> you know off hand what other functions might affect this?  (My application
> consumes 1GB of memory, but the js shell works fine now)

The bug that my patch fixes is one of a class of bugs where memory allocated by JS_realloc is not added to the counter that is used to decide when to GC. In the JS shell, your test case uses dense arrays and calls JS_realloc at a certain point. It is possible that in some other configuration a different JS_realloc is being used, or that you are triggering an entirely different bug.
(Reporter)

Comment 7

9 years ago
(In reply to comment #6)
> I'm a little confused now because of all the different dimensions of variations
> in play here: JS version (1.7, 1.8, 1.8+my patch), JS build (shell or your
> embedded app), and possibly test case (your test case above or some other
> program). Can you tell me exactly which combinations do and don't cause mem
> blowup for you?

Sorry, I should have given a little more detail.  Since the same problem happened on the js shell as my embedded app, I assumed they would be due to a common bug.

My application is a CGI app with SM embedded to add server side javascript.  (linked against libmozjs.so)  I started all of it by using js.c in SM 1.7 as an example and adding a bunch of extra objects.  (database connectivity, etc)

I'm comparing a few differences in /src/shell/js.cpp in 1.8 with my hacked up version of 1.7, and porting over what looks important.  (And reading through the API as well)

My application fires up and shuts down within an average of 500ms... but there could be a possibility of a few hits coming in on the same server that could crush a machine.  So it's a toss up -- speed without garbage collection, or the occasional dead server.

> certain point. It is possible that in some other configuration a different
> JS_realloc is being used, or that you are triggering an entirely different bug.

I actually was using the same javascript code in my embedded app as I provided.  (That's why I thought they would be the same bug)

I hope this gives enough background.  Let me know if you need any more information, and if you might know what API settings could cause this.

I'll just resume studying the new js shell to see if I'm missing something in my app.

Thank you,

--Cal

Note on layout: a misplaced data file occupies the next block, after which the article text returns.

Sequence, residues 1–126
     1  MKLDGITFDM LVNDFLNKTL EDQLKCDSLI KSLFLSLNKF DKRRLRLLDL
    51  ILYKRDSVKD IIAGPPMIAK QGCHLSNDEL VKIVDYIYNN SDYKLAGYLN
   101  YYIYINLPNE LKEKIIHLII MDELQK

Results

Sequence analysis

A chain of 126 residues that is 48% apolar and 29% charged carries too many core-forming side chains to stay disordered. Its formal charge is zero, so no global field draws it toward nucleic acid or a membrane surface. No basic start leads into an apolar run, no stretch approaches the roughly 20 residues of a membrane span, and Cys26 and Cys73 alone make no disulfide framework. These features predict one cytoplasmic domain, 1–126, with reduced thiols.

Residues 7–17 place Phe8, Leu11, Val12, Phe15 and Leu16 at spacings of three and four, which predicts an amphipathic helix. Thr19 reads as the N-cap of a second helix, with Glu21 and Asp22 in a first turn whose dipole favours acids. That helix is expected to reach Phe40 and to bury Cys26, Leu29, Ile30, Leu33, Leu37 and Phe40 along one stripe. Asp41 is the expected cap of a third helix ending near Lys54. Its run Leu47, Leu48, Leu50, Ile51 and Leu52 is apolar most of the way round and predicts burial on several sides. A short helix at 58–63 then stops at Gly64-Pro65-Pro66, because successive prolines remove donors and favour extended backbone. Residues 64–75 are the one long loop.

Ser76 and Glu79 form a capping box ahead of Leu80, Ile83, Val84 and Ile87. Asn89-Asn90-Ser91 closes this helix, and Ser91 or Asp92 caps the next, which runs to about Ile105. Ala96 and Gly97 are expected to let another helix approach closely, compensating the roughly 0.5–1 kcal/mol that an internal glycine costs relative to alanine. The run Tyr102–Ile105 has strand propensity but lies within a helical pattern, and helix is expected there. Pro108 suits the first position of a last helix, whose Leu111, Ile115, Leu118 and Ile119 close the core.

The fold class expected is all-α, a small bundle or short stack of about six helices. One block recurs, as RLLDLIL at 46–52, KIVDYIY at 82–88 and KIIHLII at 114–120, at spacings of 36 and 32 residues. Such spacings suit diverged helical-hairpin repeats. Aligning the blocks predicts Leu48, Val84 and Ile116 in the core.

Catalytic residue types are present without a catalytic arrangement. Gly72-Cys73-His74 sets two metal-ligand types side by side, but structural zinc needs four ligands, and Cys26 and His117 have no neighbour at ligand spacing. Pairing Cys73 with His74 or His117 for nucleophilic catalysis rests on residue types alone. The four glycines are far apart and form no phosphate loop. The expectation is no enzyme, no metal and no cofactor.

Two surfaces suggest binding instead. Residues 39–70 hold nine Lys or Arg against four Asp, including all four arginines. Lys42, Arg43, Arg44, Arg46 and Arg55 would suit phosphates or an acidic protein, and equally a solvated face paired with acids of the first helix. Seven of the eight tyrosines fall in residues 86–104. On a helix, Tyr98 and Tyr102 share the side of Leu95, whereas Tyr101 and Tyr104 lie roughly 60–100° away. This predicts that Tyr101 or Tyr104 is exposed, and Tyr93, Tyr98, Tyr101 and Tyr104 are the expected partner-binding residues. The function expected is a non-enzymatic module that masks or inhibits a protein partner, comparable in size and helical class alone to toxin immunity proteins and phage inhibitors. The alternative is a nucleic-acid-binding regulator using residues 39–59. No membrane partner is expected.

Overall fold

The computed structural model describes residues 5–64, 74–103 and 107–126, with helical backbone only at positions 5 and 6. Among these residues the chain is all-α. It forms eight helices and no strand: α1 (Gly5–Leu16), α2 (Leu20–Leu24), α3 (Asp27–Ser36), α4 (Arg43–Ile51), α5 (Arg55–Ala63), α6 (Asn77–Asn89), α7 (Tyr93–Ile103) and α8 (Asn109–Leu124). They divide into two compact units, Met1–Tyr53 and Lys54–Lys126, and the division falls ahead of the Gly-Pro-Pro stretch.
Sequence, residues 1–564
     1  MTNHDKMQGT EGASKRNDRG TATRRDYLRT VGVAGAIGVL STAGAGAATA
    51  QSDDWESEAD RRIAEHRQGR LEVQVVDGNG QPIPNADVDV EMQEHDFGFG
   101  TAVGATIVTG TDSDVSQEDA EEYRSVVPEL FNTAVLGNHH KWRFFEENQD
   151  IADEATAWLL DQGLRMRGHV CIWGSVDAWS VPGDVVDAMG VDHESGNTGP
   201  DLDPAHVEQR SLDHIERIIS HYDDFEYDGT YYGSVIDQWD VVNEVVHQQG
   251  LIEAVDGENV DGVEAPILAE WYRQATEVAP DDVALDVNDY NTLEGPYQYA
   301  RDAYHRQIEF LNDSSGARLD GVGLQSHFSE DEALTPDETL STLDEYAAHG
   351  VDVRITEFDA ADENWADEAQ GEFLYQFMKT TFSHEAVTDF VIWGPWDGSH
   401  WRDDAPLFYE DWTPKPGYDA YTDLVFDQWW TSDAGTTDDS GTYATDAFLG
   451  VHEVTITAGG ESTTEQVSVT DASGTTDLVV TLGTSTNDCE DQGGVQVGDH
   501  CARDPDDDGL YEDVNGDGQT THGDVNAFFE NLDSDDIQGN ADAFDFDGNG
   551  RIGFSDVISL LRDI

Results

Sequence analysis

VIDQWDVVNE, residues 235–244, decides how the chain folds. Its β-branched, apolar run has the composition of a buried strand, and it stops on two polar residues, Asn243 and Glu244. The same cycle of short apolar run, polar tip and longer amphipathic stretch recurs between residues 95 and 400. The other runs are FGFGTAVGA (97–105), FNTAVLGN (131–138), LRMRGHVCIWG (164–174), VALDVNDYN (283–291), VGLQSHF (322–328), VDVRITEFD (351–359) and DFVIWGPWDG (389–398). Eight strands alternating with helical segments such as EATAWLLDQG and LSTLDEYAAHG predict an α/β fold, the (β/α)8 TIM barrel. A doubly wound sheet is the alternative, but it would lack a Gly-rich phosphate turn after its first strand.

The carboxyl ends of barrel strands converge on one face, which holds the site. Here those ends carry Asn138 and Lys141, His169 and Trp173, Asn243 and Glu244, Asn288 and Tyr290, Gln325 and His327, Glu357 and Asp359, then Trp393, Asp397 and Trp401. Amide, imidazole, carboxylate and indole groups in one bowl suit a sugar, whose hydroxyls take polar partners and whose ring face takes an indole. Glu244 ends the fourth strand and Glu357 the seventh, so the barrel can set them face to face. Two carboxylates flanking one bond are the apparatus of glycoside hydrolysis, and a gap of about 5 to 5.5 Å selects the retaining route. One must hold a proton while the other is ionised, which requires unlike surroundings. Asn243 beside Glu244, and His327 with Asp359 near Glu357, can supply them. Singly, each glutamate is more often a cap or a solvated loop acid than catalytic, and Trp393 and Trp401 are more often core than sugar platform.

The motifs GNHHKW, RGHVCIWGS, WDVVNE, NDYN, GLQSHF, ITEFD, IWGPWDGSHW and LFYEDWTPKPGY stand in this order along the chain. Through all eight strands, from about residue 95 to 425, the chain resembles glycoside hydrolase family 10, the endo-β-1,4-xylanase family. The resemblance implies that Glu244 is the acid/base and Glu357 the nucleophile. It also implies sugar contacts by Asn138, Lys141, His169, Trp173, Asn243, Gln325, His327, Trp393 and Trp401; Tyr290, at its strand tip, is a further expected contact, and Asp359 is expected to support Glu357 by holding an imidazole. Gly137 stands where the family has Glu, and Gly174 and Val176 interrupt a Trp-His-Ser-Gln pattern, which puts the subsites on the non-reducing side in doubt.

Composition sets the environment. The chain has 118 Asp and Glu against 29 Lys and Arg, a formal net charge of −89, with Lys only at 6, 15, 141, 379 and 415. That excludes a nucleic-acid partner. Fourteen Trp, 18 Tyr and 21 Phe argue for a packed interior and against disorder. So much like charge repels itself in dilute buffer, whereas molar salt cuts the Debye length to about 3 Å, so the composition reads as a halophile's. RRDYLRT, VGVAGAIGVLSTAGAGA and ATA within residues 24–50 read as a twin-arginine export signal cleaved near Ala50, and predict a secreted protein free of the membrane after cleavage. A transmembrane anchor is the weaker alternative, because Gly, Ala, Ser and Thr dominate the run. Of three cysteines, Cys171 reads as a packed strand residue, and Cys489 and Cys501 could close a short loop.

(Assignee)

Comment 8

9 years ago
(In reply to comment #7)
> I'll just resume studying the new js shell to see if I'm missing something in
> my app.

OK, it looks like immediate action on my part is not required (let me know if I'm mistaken). The APIs for tuning GC scheduling have changed, and studying the JS shell is probably the best way to see how the new stuff works.
(Reporter)

Comment 9

9 years ago
Yes, the patch proved that the leak is fixed.  Thanks for your help David!  I'll mark this as a dup of bug 522856.
Status: ASSIGNED → RESOLVED
Last Resolved: 9 years ago
Resolution: --- → DUPLICATE
Duplicate of bug: 522856
(Reporter)

Comment 10

9 years ago
David,

I think I found another variable -- I forgot that js shell has JIT turned off by default.  The javascript example above works correctly when JIT is turned off, but when run with "js -j example.js" it will use 1GB of memory, the same as my application.

Could this possibly be a bug relating to memory management in JIT?

Thank you,

--Cal
Flags: wanted1.9.2?
(Assignee)

Comment 11

9 years ago
(In reply to comment #10)
> David,
> 
> I think I found another variable -- I forgot that js shell has JIT turned off
> by default.  The javascript example above works correctly when JIT is turned
> off, but when run with "js -j example.js" it will use 1GB of memory, the same
> as my application.
> 
> Could this possibly be a bug relating to memory management in JIT?

I just asked, and for now we don't run the GC if we are on trace, so the memory doesn't get reclaimed until we leave trace. If both loops trace, then that could be a while.